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49. Problem solving must take time

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Sven speaks: In Papua New Guinea, the pastor is a very important person. Among the most important people in a village, were the council, the magistrate and the elders. Furthermore, there was the pastor, as well. In the beginning the pastor would not be recognized, but as soon as a proper church was established in a village, the pastor got a prominent role in the community. It meant that he had to help solving social issues.

Since our pastors were involved in these discussions, it happened that I was sometimes called to give advice on contentious issues. Once, I was called to a village where our pastor, John May and the village magistrate, Mark Anis, had a very serious disagreement. They wanted to dismiss each other from their respective roles in the village.

There was a fairly large group of men gathered in a hut when the conversation started. After listening to the conversation for a while, suddenly this scripture came to me "Give to Caesar what belongs to Caesar and to God what belongs to God". I asked if I could say something, and said: "Do not confuse your functions. Let the magistrate do his job and let the pastor do his." Then the men looked at me and said: "Who do you think you are? This is a big problem and you think you can just solve it in five minutes." I apologized and they continued to talk back and forth about the problem. They went on for hours until everyone had told what was on their minds. After four or five hours, one of the men asked me: "What do you say Sven?" I repeated the words "Give to Caesar what belongs to Caesar and to God what belongs to God." "Yes, that is the solution to this problem" he said, and everyone nodded in agreement.


Sven in conversation with village leaders in the late 1970’s

It was Kundi Pok who taught me on another occasion that problem solving had to take its time. This time there was also an issue that had to be settled and I presented quite immediately a solution to the problem. When we came out after the deliberations, Kundi said to me: "You were wrong." "What do you mean? I asked." "You did not give people time to open their hearts. If you have something important to say, you should wait until everybody else has said what he wants to say. Because if you present the solution in the very beginning of the conversation, other people concerned will not feel free to say what is on their minds and will lock it all up inside, and then we have not solved the problem. It is important that everyone can say what is on his mind and then a respected leader will give the final speech to solve the problem. "How wise he is!" I thought. I never forgot Kundi's advice and learnt how to restrain myself in other meetings after this. In the first example above, I was lucky the conversation was not locked up, but we were able to continue.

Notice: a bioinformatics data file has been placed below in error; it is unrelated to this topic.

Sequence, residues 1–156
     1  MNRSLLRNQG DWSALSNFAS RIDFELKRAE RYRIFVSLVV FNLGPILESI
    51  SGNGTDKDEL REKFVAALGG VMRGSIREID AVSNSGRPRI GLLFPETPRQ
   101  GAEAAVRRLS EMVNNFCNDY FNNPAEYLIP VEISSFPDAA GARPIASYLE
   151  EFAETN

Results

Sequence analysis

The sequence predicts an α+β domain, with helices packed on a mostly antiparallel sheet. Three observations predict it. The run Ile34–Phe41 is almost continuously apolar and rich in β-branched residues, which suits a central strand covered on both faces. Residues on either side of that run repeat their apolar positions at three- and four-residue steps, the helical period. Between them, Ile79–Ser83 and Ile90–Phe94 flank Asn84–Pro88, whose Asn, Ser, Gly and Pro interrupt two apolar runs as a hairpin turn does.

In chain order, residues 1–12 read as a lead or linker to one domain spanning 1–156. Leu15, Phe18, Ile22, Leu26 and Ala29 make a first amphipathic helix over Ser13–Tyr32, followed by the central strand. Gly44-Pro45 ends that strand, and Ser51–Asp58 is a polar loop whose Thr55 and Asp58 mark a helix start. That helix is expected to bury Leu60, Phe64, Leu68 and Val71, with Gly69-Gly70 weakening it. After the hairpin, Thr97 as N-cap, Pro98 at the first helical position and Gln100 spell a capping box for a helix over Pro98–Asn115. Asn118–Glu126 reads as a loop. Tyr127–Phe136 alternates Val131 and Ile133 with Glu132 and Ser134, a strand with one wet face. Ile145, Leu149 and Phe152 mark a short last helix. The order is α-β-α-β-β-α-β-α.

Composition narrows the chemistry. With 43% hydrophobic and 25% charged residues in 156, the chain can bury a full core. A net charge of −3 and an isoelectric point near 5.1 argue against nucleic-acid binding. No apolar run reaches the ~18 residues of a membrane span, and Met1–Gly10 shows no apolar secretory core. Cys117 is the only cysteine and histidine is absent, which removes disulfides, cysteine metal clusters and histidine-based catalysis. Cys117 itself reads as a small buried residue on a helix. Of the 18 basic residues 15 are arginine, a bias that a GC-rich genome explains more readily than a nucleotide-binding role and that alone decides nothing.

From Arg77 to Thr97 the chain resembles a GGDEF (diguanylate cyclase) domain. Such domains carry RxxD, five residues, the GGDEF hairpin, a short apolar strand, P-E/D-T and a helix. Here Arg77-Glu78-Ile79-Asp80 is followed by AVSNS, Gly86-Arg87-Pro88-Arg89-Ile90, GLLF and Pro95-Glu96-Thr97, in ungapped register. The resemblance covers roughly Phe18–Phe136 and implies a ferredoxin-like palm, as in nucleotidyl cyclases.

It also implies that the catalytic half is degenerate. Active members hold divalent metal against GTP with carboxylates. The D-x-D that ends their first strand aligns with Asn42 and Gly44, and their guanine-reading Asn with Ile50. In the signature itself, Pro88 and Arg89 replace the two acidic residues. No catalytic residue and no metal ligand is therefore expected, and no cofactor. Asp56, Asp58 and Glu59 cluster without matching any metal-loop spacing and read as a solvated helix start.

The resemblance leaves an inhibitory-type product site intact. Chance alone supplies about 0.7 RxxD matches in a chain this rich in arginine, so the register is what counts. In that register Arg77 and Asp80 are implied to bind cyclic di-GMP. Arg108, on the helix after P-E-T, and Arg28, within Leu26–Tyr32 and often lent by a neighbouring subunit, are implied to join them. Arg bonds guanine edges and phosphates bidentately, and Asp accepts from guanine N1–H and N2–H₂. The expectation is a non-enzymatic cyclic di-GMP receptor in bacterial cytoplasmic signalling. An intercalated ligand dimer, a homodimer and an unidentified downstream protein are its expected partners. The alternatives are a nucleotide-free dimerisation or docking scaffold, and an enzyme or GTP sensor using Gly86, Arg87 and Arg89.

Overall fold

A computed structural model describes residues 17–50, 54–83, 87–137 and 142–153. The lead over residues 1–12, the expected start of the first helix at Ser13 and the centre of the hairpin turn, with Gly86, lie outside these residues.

I experienced many times how outstandingly good Kundi was in handling difficult problem solving in meetings. It was not only me who had experienced this, but he was rather famous for this ability.

Once, when Kundi and I attended a pastors' meeting, one of the pastors, Plang Kerua, asked if we could try to get him a motorcycle. The fact was that he was responsible for six different churches and a motorcycle would help him when he visited the various locations. We explained that we had no money to buy him a motorcycle but could only do what he had done, namely to ask God for a motorcycle.

We heard no more about this. About two years later I got a call from Pastor Plang who told me that the six churches mentioned above wanted to leave the Assemblies of God. Pastor Plang said that Kundi and I had to come and talk with the church leaders. We went there and met a group of very angry people, but we did not understand why they were angry. We believed that the anger was linked to the fact that they wanted to leave the Assemblies of God so we told them that they were not our prisoners. If the churches wanted to leave the Assemblies of God, we would not stop them. After talking for several hours, Plang Kerua said: "Sven, you promised me a motorcycle two years ago but I never received one." Then he and the others continued to talk for a few hours. Neither Kundi nor I said anything, but when it seemed like everyone had spoken his or her mind, Kundi said:

"Plang, if I remember correctly, we said that we did not have a motorcycle to give you but the only thing we could do was to pray to God that he would provide you with a motorcycle. Have you asked God for a bike?"

"Yes, I have," Plang replied.

"Has God given you a motorcycle?"

"No, he has not," Plang said.

"Then why are you mad at Sven and me? If you have to be angry at someone, it should be God."


Kundi Pok in the mid 1990´s

Kundi’s comment was so liberating, it made people roll on the floor laughing. His way of dealing with the situation solved everything and the churches remained a part of the Assemblies of God

This crucial last statement was something that characterized Kundi. When he was in a meeting about a sensitive issue, he usually did not say anything until everybody present had been able to say what he had on his mind.

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